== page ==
Insurance Regulation

Government response to the Coronavirus has included a wide range of emergency measures governing health plan administration. Some of these measures address dislocations caused by sudden change in employment status while others address administration of benefits for employees marooned at home. The fast pace of change wrecks the predictability required for health care benefits tied to employment. Deciding when and how to satisfy each new, temporary rule has become as difficult as paying for the benefits.

While regulators mean well – bless their hearts – they often don’t coordinate well. Number one on a list of disconnected hearts and minds – employers don’t govern insurers. Number two on that list – insurers don’t govern themselves. Employers are stuck with the terms and conditions of the group insurance policy they bought; it’s the law. Insurers are stuck with the terms and conditions a regulator has approved; they can’t easily change the approved plan. Yet regulators have encouraged employers and insurers to “color outside the lines” without worry.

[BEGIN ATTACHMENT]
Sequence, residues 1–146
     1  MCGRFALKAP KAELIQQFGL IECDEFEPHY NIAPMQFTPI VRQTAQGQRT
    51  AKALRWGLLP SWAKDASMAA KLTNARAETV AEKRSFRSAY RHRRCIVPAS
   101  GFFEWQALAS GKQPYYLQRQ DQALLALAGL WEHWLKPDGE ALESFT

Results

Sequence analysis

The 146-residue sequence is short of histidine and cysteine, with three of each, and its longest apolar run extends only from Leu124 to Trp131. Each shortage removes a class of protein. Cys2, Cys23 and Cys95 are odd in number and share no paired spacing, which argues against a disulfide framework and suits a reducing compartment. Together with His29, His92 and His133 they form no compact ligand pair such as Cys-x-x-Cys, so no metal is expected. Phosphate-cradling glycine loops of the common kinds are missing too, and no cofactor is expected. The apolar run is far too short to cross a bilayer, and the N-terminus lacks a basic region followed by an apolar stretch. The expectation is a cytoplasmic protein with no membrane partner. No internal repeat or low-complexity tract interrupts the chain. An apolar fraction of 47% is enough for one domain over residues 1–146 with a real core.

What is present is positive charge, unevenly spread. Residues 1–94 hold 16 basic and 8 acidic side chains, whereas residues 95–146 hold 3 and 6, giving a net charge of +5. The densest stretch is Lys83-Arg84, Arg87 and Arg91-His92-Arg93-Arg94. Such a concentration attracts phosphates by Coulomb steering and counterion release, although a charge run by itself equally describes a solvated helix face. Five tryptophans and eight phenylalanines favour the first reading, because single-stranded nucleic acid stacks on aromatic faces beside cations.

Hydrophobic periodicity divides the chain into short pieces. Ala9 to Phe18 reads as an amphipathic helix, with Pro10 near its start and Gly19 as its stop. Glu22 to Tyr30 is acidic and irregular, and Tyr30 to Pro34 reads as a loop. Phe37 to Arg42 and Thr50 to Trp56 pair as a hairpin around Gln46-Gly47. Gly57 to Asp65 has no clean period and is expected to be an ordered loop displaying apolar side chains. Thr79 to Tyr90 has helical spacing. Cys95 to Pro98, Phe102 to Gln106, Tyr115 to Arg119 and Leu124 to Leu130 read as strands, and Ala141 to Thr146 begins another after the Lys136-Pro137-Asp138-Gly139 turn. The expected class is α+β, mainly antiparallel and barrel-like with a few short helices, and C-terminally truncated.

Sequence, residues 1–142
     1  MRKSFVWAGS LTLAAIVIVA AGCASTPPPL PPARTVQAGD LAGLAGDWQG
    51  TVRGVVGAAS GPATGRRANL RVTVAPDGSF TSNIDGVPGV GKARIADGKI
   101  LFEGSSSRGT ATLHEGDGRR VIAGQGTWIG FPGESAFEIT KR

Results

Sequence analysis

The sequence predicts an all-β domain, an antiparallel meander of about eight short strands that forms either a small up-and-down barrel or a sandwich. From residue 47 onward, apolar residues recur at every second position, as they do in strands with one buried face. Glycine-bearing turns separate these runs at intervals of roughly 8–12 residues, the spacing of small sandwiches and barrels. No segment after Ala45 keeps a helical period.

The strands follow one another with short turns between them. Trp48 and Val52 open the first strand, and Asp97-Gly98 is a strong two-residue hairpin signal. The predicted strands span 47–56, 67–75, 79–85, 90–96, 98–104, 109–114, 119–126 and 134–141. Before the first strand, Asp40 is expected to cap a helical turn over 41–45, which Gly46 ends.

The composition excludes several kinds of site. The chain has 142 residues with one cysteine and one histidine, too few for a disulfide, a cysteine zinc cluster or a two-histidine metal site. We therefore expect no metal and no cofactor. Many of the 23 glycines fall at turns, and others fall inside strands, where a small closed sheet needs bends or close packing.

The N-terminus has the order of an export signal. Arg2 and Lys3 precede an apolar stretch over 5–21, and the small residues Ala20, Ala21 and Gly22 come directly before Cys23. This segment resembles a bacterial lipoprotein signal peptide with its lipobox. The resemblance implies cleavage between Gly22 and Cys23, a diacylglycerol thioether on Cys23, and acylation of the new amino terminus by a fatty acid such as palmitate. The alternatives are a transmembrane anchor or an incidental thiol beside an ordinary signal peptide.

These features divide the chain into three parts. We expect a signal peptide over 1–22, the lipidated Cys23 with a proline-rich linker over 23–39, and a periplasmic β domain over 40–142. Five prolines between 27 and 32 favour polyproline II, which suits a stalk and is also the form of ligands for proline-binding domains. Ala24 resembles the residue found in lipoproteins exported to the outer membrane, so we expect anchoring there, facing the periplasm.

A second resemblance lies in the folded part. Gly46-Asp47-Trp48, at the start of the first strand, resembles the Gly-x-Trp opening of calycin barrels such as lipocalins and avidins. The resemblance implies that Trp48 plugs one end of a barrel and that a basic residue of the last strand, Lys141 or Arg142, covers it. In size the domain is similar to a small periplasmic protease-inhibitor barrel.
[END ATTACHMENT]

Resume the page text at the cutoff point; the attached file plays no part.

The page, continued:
The United State Department of Labor (DOL) and the Internal Revenue Service (IRS) have issued “guidance” on employee benefit plan administration for employers and the Washington Insurance Commissioner has issued emergency rules for health insurers. Federal regulators have essentially advised that if a plan administrator means well, things will be o.k.

“[DOL] recognizes that affected plan participants and beneficiaries may encounter problems due to the COVID-19 outbreak. The guiding principle for plans must be to act reasonably, prudently, and in the interest of the covered workers and their families who rely on their health, retirement, and other employee benefit plans for their physical and economic well being. Plan fiduciaries should make reasonable accommodations to prevent the loss of benefits or undue delay in benefits payments in such cases and should attempt to minimize the possibility of individuals losing benefits because of a failure to comply with pre-established timeframes.” [Notice 2020-01]